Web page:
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Social Psychiatry and Psychiatric Epidemiology

, Volume 52, Issue 8, pp 1023–1030 | Cite as

Proximity to healthcare clinic and depression risk in South Africa: geospatial evidence from a nationally representative longitudinal study

  • Andrew TomitaEmail author
  • Alain M. Vandormael
  • Diego Cuadros
  • Rob Slotow
  • Frank Tanser
  • Jonathan K. Burns
Original Paper

Abstract

Proximity to primary healthcare facilities may be a serious barrier to accessing mental health services in resource-limited settings. In this study, we examined whether the distance to the primary healthcare clinic (PHCC) was associated with risk of depression in KwaZulu-Natal Province, South Africa. Depressive symptoms and household coordinates data were accessed from the nationally representative South African National Income Dynamics Study. Distances between households and their nearest PHCCs were calculated and mixed-effects logistic regression models fitted to the data. Participants residing <6 km from a PHCC (aOR = 0.608, 95% CI 0.42–0.87) or 6–14.9 km (aOR = 0. 612, 95% CI 0.44–0.86) had a lower depression risk compared to those residing ≥15 km from the nearest PHCC. Distance to the PHCC was independently associated with increased depression risk, even after controlling for key socioeconomic determinants. Minimizing the distance to PHCC through mobile health clinics and technology could improve mental health.

Keywords

Primary healthcare clinic Depression Social disconnectedness GPS South Africa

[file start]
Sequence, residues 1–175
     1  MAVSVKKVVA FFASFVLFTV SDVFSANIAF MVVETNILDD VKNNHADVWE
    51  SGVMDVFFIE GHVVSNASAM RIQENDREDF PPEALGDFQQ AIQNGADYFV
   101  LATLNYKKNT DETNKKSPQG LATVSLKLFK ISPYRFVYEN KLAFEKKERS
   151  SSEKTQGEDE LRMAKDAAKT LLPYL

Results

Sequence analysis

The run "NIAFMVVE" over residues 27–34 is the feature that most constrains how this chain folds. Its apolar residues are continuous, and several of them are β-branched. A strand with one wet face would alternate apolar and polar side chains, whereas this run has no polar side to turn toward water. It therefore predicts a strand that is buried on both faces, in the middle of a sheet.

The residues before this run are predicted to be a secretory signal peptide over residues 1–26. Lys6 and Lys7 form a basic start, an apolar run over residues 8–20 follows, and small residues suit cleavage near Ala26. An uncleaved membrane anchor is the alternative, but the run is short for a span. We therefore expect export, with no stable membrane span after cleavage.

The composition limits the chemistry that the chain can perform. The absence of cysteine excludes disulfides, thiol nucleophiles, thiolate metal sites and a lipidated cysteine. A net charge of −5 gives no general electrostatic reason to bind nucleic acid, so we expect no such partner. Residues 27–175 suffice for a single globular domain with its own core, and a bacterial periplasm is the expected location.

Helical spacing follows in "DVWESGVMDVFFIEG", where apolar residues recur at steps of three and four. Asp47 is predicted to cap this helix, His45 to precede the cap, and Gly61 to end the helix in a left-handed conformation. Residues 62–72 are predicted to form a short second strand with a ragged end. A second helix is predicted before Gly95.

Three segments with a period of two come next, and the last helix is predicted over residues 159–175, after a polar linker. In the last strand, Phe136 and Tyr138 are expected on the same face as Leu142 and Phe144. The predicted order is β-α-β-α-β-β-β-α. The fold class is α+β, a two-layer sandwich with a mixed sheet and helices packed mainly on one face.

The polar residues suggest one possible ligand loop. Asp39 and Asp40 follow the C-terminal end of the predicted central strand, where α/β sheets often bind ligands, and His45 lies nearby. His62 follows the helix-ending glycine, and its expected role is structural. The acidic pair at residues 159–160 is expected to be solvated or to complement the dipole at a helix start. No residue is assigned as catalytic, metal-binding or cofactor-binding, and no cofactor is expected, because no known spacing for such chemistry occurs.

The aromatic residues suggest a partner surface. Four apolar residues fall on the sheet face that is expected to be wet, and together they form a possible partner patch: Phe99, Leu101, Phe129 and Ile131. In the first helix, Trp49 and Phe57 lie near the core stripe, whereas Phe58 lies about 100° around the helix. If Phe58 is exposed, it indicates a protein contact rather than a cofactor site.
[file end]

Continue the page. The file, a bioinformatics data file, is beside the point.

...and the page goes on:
Notes

Acknowledgements

Waves 1–3 Data: Southern Africa Labour and Development Research Unit. National Income Dynamics Study. Cape Town: Southern Africa Labour and Development Research Unit (producer), 2015. Cape Town: DataFirst (distributor), 2015. We thank Lynn Woolfrey at DataFirst at the University of Cape Town. AT was supported by SA MRC Flagship Grant (MRC-RFAUFSP-01-2013/UKZN HIVEPI) and National Institutes of Health Research Training Grant (R25TW009337), funded by the Fogarty International Center and the National Institute of Mental Health. AV was supported by SA MRC Flagship Grant (MRC-RFAUFSP-01-2013/UKZN HIVEPI). FT was supported by South African MRC Flagship (MRC-RFA-UFSP-01-2013/UKZN HIVEPI) and NIH Grants (R01HD084233 and R01AI124389) as well as a UK Academy of Medical Sciences Newton Advanced Fellowship (NA150161). The study was also supported by University of KwaZulu-Natal funding to RS. The content is solely the responsibility of the authors and does not necessarily represent the official views of the SA MRC, UK Academy of Medical Sciences or the NIH. All authors declare that they have no conflicts of interest.

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Copyright information

© Springer-Verlag Berlin Heidelberg 2017

Authors and Affiliations

  • Andrew Tomita
    • 1
    • 5
    Email author
  • Alain M. Vandormael
    • 1
    • 5
  • Diego Cuadros
    • 2
  • Rob Slotow
    • 3
    • 4
  • Frank Tanser
    • 5
    • 6
    • 7
  • Jonathan K. Burns
    • 8
    • 9
  1. 1.College of Health SciencesUniversity of KwaZulu-NatalDurbanSouth Africa
  2. 2.Department of GeographyUniversity of CincinnatiCincinnatiUSA
  3. 3.School of Life SciencesUniversity of KwaZulu-NatalDurbanSouth Africa
  4. 4.Department of Genetics, Evolution and EnvironmentUniversity College LondonLondonUK
  5. 5.Africa Health Research InstituteUniversity of KwaZulu-NatalDurbanSouth Africa
  6. 6.Centre for the AIDS Programme of Research in South Africa (CAPRISA)DurbanSouth Africa
  7. 7.School of Nursing and Public HealthUniversity of KwaZulu-NatalDurbanSouth Africa
  8. 8.Department of PsychiatryUniversity of KwaZulu-NatalDurbanSouth Africa
  9. 9.Institute for Health ResearchUniversity of ExeterExeterUK

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